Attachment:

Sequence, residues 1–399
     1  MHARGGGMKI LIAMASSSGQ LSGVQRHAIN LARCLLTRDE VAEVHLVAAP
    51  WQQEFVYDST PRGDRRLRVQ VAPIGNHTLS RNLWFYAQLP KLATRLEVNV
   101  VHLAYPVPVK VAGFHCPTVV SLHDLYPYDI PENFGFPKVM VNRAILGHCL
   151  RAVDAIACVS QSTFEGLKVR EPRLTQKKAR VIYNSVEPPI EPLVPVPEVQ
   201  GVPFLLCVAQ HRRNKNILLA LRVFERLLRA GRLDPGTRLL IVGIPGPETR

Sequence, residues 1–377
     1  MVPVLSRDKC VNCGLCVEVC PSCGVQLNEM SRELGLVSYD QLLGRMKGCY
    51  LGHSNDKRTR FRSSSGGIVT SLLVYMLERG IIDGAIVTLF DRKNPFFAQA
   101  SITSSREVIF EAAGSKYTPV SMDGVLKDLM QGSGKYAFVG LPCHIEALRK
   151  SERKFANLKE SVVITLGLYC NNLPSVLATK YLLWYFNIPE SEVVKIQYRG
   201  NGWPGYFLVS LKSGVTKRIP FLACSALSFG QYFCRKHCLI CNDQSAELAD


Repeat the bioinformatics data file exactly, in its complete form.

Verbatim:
Sequence, residues 1–399
     1  MHARGGGMKI LIAMASSSGQ LSGVQRHAIN LARCLLTRDE VAEVHLVAAP
    51  WQQEFVYDST PRGDRRLRVQ VAPIGNHTLS RNLWFYAQLP KLATRLEVNV
   101  VHLAYPVPVK VAGFHCPTVV SLHDLYPYDI PENFGFPKVM VNRAILGHCL
   151  RAVDAIACVS QSTFEGLKVR EPRLTQKKAR VIYNSVEPPI EPLVPVPEVQ
   201  GVPFLLCVAQ HRRNKNILLA LRVFERLLRA GRLDPGTRLL IVGIPGPETR

Sequence, residues 1–377
     1  MVPVLSRDKC VNCGLCVEVC PSCGVQLNEM SRELGLVSYD QLLGRMKGCY
    51  LGHSNDKRTR FRSSSGGIVT SLLVYMLERG IIDGAIVTLF DRKNPFFAQA
   101  SITSSREVIF EAAGSKYTPV SMDGVLKDLM QGSGKYAFVG LPCHIEALRK
   151  SERKFANLKE SVVITLGLYC NNLPSVLATK YLLWYFNIPE SEVVKIQYRG
   201  NGWPGYFLVS LKSGVTKRIP FLACSALSFG QYFCRKHCLI CNDQSAELAD